LAS VEGAS -- O.J. Simpson is a free man.
After spending nine years in prison for a Las Vegas robbery, the former NFL star walked out of the Lovelock Correctional Institute at 12:08 a.m. local time on Sunday, according to the Nevada Department of Corrections.
Simpson, 70, who served his time at the facility in Nevada, was granted parole at a hearing in July. The earliest date he was eligible for release was Oct. 1.
The Department of Corrections released a short video of Simpson exiting the prison, as well as a photo of him signing release papers.
Simpson was sentenced to prison following an arrest in 2007 during a botched robbery in Las Vegas, when he led a group of men into a hotel and casino to steal sports memorabilia at gunpoint. The former Buffalo Bills star contended the memorabilia and other personal items belonged to him.
At his parole hearing in July, Simpson said, "All I want is my property. ... I wasn't there to steal from anybody."
Simpson reassured the board he would be successful meeting the conditions of his parole before it was granted, saying, "I'm not a guy who lived a criminal life."
Simpson's attorney, Malcolm LaVergne, told ABC News on Friday that upon his release, Simpson wants to go to Florida, where he can "see his family and hug his family on the outside of prison."
"He wants to eat seafood, he wants to eat steak," LaVergne said. "He wants to enjoy the very simple pleasures that he hasn't enjoyed in nine years."
Tom Scotto, one of Simpson's longtime friends, told ABC News, "All he wants to do is spend time with his family and friends and his kids. And play a little golf."
But Scotto added that Simpson won't be shying away from the public eye.
"We're not gonna hide," Scotto said. "He's gonna do the same things he always did."
Over 20 years ago, Simpson went on trial for the 1994 killings of his ex-wife, Nicole Brown Simpson, and her friend Ron Goldman. On Oct. 3, 1995, at the end of a televised trial that captivated the nation, Simpson was acquitted of all criminal charges.
Simpson was found liable for the killings in a 1997 civil trial. He has always maintained his innocence.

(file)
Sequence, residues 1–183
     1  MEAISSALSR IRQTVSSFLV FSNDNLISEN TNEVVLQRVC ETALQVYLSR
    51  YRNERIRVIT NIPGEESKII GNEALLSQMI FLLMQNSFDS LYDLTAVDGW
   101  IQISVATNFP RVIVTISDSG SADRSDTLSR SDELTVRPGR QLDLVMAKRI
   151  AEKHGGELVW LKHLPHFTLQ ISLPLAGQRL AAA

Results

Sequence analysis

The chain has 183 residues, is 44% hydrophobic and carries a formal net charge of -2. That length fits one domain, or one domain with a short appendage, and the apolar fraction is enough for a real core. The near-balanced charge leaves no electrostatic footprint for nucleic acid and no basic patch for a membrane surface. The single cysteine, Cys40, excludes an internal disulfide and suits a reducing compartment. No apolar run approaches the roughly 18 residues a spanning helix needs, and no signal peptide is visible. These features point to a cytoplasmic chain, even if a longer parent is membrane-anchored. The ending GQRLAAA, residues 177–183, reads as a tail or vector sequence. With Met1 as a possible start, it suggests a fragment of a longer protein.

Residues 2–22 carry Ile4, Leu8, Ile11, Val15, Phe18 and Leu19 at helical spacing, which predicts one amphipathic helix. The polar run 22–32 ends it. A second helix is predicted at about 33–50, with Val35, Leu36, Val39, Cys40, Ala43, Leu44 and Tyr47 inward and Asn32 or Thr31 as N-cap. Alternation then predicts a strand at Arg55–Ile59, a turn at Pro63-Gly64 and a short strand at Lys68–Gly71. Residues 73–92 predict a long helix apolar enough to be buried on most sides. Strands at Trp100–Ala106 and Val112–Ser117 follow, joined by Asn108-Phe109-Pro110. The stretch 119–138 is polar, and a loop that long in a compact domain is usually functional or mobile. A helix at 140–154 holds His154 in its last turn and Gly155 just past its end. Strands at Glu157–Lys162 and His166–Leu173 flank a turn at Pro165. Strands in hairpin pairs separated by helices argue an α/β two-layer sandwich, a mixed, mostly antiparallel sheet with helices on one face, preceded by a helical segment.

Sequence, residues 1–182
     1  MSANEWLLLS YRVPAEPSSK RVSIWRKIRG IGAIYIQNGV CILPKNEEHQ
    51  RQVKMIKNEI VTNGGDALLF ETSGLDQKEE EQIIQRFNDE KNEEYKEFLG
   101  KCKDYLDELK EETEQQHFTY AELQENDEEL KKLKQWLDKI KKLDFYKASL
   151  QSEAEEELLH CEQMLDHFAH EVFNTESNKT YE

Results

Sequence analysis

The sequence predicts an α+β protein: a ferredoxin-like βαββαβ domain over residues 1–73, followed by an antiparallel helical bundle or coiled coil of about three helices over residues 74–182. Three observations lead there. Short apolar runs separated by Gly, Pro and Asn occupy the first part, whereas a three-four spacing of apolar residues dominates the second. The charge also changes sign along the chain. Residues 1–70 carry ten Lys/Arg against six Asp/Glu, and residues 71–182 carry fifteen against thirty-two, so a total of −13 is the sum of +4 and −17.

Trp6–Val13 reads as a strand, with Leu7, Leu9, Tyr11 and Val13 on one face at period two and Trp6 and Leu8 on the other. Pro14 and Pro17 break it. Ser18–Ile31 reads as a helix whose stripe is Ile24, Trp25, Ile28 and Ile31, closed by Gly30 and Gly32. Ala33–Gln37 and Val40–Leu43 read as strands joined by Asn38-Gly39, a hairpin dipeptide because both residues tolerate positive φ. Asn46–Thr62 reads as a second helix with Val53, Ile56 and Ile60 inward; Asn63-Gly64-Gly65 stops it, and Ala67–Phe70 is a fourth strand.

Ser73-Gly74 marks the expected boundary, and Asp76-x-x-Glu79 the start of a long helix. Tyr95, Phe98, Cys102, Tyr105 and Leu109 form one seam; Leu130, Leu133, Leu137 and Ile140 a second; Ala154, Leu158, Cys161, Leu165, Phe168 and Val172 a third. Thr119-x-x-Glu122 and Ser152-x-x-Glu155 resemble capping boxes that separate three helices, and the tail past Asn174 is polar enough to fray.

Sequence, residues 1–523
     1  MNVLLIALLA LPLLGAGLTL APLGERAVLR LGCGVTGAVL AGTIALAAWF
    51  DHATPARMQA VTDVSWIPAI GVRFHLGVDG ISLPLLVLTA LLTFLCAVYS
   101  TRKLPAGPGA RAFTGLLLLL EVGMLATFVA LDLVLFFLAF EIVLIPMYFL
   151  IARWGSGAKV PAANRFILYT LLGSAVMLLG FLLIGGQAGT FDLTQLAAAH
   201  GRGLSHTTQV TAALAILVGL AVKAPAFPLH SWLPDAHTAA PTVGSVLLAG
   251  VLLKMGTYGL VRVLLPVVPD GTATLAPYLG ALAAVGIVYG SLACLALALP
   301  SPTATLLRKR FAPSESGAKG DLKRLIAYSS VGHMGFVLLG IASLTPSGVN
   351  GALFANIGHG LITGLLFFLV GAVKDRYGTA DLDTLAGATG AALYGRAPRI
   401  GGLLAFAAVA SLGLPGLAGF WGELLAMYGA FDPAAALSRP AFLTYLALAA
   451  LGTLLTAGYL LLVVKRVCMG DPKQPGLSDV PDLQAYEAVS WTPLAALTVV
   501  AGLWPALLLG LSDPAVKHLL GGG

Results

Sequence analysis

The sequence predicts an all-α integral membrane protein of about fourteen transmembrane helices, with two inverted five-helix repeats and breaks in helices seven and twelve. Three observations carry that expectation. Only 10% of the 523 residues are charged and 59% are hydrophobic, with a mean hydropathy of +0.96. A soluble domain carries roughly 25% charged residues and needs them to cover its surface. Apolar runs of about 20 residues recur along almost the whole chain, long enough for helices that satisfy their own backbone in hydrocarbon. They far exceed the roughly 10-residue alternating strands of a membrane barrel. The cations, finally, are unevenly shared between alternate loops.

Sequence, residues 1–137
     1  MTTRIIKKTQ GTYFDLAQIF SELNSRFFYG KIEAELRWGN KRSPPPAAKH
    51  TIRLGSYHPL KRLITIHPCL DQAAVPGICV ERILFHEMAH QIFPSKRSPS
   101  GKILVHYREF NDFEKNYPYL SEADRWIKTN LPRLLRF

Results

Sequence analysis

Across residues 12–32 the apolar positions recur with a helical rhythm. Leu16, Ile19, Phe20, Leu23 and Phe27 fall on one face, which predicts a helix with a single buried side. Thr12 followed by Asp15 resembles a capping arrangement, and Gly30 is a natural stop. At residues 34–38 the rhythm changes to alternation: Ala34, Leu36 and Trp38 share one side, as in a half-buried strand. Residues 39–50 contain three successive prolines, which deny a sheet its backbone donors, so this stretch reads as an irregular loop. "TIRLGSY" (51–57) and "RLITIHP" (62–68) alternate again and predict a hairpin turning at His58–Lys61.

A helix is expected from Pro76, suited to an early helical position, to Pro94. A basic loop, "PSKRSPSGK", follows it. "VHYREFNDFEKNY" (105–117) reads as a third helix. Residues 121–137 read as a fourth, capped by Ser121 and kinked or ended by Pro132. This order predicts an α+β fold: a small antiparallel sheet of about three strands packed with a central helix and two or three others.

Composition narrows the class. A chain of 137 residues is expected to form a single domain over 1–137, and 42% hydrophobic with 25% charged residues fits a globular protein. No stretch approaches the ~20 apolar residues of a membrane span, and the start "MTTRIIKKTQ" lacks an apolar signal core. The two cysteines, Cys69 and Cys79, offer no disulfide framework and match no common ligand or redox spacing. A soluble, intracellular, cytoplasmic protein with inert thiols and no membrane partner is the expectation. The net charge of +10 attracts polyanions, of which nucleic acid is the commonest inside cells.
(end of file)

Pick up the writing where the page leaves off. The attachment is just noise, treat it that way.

Ron Goldman's father and sister, Fred and Kim Goldman, said in a statement last week that they will continue pursuing the judgment awarded to them in the civil trial -- an amount they say has climbed to $60 million.
"While we respect the Nevada Parole Board's decision to release Simpson, it's still difficult for us knowing he will be a free man again," the Goldmans said. "We will continue pursuing the now $60 million judgment awarded to our family after the [civil trial] jury found that Simpson willfully and wrongfully caused the deaths of Ron and Nicole, as well as remain dedicated in our commitment to domestic violence awareness, victim advocacy and judicial reform."
After the parole hearing, Fred Goldman said on "Good Morning America," "It was never about the money [in the civil case.] It was punishment, and we didn't have the opportunity to see him go to jail or death row for murder, but he got a judgment against him and honoring that judgment or making him honor the judgment is the only punishment that we can get from him."
Kim Goldman said on "GMA," when Simpson is released, "We're going to go back to doing what we've done. I run a nonprofit working with teenagers, I do stories on other victims and survivors, I'm raising my kids. We're active in the world of victims and survivors' advocacy. We're going to continue doing those things and take it one day at a time and if he chooses to write a book, or do a reality show, we'll be there."
ABC News' Duan Perrin and Sabina Ghebremedhin contributed to this report.